Death penalty and freedom of expression among most pressing human rights issues in Vietnam

Published: Apr 8, 2019 Reading time: 4 minutes
Death penalty and freedom of expression among most pressing human rights issues in Vietnam
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The United Nations Human Rights Committee requested Vietnam to update on the implementation of the Committee’s recommendations on death penalty, freedom of expression and human rights defenders by 29 March 2021. 

After 13 years of delay, Vietnam submitted its third periodic report on civil and political rights to the United Nations Human Rights Committee in 2017. This resulted in a 2-day long review in March 11 and 12 2019 between the Committee and the Vietnamese delegation led by Nguyen Khanh Ngoc, Vice Minister of Justice of Vietnam.

According to Marcia Kran, Committee member, prior to the review in March, Vietnam had made practical preparatory efforts by inviting a former Committee member from the US to Vietnam twice to “anticipate what questions [Vietnam] might be asked [by the Committee].” Despite such preparation, it turned out there was no indication of willingness and openness from Vietnam to engage in the actual implementation of the International Covenant on Civil and Political Rights (ICCPR) other than what is available in Vietnamese law on paper.

To illustrate this failure, Marcia Kran said in a UN press conference on March 28: “I asked [the Vietnamese delegation] a number of times for examples […] where individuals had experienced human rights complaints and […] took them to the authorities to receive some kind of remedies. In answer to that question which I asked more than once, there was no answer […] [The Vietnamese delegation] was pretty well focused on citing what is contained in the law.”

Nonetheless, Vietnam’s actual re-participation in the regular dialogue with the UN Human Rights Committee offers some hope. According to Christof Heyns, Committee member, Vietnam’s performance in the review was not “a concrete sign” of what the Committee was looking for, but it was not totally useless for a reestablishment of connection.

Such connection as hinted by the Committee is the follow-up mechanism of the Committee on the protection of human rights that Vietnam is obliged to follow.

On March 25 2019, the Committee adopted the concluding observations on the third periodic report of Vietnam (link). This includes 59 paragraphs: 2 for positive aspects of Vietnam’s state of civil and political rights, and overwhelmingly 55 for matters of concern and recommendations. Among those matters of serious concern, death penalty, freedom of expression, and human rights defenders are three that need immediate actions.

Death penalty is still available for crimes in Vietnam, including drug-related crimes, economic and other crimes, which do not meet the threshold of the most serious crimes in the ICCPR. National security crimes – such as opposing the Vietnamese government – are also punishable by death. There is no publicly available official data on the cases of death penalty.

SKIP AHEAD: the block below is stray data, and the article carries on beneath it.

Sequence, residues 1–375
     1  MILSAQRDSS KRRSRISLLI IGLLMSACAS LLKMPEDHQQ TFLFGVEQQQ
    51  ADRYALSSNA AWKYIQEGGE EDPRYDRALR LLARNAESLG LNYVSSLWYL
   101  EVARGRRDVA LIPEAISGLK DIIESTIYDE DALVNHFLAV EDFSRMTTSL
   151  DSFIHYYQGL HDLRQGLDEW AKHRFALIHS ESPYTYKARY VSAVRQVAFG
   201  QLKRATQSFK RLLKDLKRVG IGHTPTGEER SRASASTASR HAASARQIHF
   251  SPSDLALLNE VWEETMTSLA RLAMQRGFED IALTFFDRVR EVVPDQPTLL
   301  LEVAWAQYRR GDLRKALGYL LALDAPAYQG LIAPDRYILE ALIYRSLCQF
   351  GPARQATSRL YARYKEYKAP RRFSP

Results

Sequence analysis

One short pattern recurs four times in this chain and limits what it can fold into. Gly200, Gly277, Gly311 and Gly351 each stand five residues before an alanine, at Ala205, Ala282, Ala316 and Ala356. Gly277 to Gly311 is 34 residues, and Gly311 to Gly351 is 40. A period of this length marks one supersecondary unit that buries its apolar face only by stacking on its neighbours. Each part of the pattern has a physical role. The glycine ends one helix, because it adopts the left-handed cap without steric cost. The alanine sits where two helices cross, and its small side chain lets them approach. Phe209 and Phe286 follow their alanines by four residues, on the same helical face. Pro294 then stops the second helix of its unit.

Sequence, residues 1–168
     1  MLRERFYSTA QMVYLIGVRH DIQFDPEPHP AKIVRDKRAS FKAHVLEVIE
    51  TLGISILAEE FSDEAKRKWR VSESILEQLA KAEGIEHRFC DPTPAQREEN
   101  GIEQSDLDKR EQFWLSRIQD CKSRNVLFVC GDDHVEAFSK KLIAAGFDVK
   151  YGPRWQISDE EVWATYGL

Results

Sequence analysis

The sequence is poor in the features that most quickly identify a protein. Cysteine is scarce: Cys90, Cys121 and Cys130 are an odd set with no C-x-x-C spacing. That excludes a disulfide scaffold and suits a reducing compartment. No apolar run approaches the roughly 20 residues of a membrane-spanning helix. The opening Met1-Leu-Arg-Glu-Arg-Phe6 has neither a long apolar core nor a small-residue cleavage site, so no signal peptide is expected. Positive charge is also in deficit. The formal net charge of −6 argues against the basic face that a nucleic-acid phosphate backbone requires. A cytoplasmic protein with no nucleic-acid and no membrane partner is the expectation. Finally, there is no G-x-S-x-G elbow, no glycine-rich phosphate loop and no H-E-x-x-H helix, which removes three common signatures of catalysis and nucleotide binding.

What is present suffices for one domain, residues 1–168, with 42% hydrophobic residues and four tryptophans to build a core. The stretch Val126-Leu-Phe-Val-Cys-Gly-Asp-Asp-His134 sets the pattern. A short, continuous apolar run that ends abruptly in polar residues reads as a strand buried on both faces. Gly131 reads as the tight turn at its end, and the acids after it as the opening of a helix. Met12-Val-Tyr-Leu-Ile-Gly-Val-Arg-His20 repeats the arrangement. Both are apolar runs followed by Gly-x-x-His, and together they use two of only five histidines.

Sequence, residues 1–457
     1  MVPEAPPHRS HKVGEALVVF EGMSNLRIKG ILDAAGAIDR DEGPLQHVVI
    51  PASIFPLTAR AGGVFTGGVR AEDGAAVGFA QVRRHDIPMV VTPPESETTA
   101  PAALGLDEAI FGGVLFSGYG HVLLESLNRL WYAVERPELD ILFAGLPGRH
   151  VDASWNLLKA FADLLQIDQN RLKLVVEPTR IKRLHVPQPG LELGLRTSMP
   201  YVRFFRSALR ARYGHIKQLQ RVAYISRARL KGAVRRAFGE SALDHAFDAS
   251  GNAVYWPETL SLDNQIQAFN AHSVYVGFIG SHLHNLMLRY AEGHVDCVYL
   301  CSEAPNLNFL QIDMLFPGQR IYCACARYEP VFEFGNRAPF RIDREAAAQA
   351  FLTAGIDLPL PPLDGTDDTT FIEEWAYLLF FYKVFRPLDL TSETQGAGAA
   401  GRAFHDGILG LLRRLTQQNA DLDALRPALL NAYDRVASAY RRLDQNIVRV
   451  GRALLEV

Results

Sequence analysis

Freedom of opinion and expression suffers severe restrictions in the State party, including through vague and broadly formulated offences in the Penal Code (for example, Article 109 – activities to overthrow the people’s administration; Article 116 – undermining the unity policy; Article 117 – anti-state propaganda). The 2016 Law on the Press that prohibits any criticism of the government, and the 2018 Law on Cybersecurity that prohibits contents critical of the state are also cited as rights-violating laws.

The Committee expressed its grave concern about increased security crackdowns on human rights defenders and civil society actors, such as the blogger Nguyen Ngoc Nhu Quynh (“Mother Mushroom”) and the lawyer Nguyen Van Dai, who face physical and mental attacks to discourage them from continuing their legitimate activities. The Committee is equally concerned at cases of reprisals against human rights defenders for their advocacy efforts, including those involving the UN.

Other issues of concerns include freedom of religions, right to property and ownership of land, right to participation in public affairs, free and fair election, violence against women and gender equality.

Vietnam is requested to update the Committee on the implementation of its recommendations dedicated to death penalty, freedom of expression and human rights defenders by 29 March 2021. The next periodic report for Vietnam is due by 29 March 2023, when Vietnam has the obligation to reflect on the Committee’s concluding observation as a whole.

Cited by Ahmed Fathala, Committee member, Vietnam is ranked 175 out of 180 countries in the Reporters Sans Frontiers’ 2018 World Press Freedom Index.

The UN Human Rights Committee is a human rights body composed of 18 independent human rights experts working in personal capacity. It monitors the implementation of the International Covenant on Civil and Political Rights by its state parties. Vietnam is a state party to this international human rights treaty, thus is bound to report to the Committee upon its request (normally every four years). Vietnam’s last periodic review was in August 2002.
Autor: PIN

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